THE GREEN ISSUE: how far have we come?

In Concept & Design, Practices for Thought, Vol. 19

It does not take an expert to tell you that industrialisation advanced society but has become a detriment to the ecosystem. Environmental issues first surfaced back in the ‘60s – cases of unbearable smog, oil spills and water pollution emerged in both the cities and backwaters of the United States. These issues prompted the first Earth Day in 1970. Despite over 15 million US citizens, hundreds of schools and organisations showing their support, the movement faded due to its slow uptake in the White House. Although there were notable milestones for the environment since, there are still people who deny the existence of climate change today.

CD_Article1_2Yet, is it just an illusion? Just look around our Asian region. A two-month long drought that spread across India in 2009 caused staple crops like rice, soybeans, and sugarcane to drop 85% below normal without the monsoon rains critical for their growth. Issues like these could prompt a spike in commodity prices and increase price volatility, not to mention the increase in processing costs due to operational disruptions. In extreme cases, it may even create food safety challenges and conflicts amongst local communities. There are many more examples but we are sure you are not ignorant to the effects of climate change on your daily life.

The recent invigoration in protecting the environment and the UN’s commitment towards a more sustainable Earth has been promising. As we speak, innovations and ideas about sustainability are developing and being implemented across the globe.

Sustainability was first defined in 1987 as “development that meets the needs of today without compromising the ability of future generations to meet their needs.” How is the foodservice sector responding to the environmental challenges? While it is not possible for a single industry to circumnavigate factors like the weather, companies have started initiating sustainable strategies in ways they can. A report published last year from FoodDrink Europe states that food and drink manufacturers have made significant investments to improve their energy performance and to reduce greenhouse gas emissions (GHG). Between 1999- 2008, the industry reduced its greenhouse gas emissions by 18 percent, despite increasing their production value by 29 percent over the same period. The use of resources is unique to each company and here are few noteworthy efforts by global brands.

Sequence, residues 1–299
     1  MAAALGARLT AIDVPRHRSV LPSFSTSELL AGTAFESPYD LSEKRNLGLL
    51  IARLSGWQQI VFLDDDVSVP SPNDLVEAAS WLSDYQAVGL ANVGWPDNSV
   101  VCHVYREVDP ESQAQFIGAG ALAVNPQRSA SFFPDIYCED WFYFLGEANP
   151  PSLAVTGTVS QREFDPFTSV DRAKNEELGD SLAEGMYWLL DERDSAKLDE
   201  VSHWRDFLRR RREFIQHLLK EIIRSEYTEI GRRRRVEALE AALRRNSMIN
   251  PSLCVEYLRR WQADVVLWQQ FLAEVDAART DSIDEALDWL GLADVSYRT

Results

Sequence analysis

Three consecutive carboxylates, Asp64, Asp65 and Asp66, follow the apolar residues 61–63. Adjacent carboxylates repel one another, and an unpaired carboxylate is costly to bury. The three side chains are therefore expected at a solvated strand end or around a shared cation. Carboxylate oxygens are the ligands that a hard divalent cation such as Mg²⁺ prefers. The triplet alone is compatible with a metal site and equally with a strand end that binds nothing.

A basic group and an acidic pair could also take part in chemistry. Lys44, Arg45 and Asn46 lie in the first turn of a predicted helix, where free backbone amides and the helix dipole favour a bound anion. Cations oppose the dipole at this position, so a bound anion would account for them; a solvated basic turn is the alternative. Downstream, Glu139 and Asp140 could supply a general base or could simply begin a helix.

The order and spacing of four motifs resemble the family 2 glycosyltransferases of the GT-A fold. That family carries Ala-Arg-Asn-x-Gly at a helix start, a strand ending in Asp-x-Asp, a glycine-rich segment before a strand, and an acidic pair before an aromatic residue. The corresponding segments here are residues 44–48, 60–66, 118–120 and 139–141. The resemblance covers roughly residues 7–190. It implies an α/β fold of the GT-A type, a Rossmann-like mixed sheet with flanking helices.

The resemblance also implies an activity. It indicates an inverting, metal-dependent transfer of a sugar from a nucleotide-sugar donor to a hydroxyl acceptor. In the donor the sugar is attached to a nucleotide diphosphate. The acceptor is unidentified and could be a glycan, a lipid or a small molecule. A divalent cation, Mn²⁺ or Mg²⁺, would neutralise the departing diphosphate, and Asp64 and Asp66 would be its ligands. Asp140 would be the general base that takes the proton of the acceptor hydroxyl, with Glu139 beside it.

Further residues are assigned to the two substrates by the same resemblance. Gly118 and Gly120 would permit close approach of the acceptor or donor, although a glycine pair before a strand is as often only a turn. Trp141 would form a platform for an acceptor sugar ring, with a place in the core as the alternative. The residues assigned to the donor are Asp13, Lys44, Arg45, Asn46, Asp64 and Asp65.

You might be thinking that you’re on a much smaller scale compared to the examples listed above, but fret not, because there are so many ways to incorporate sustainability into your daily workflow. For starters, replacing your plastic take-away containers with paper or something more environmentally-friendly can make a difference. Innovative packaging companies now make biodegradable containers made from materials such as compostable corn starch and wood.

It would be a dream to think we can restore Earth to its former self, therefore the only way is to be innovative in conservation. One of the major aspects to look into is energy management. The following parts provide a wider picture of energy, how we can use less in our daily lives and most importantly, how you can optimise your kitchen right from the start.

Have you heard of ‘greenwashing’? It is when corporations misrepresent their environmental impact with aggressive PR campaigns. Evidence of ‘greenwashing’ often comes by discerning consumers pointing out spending differences in a company’s advertising its “green” efforts above money and time actually spent on environmentally sound practices. Think carefully before announcing that you’re going green.

Eileen ChanTHE GREEN ISSUE: how far have we come?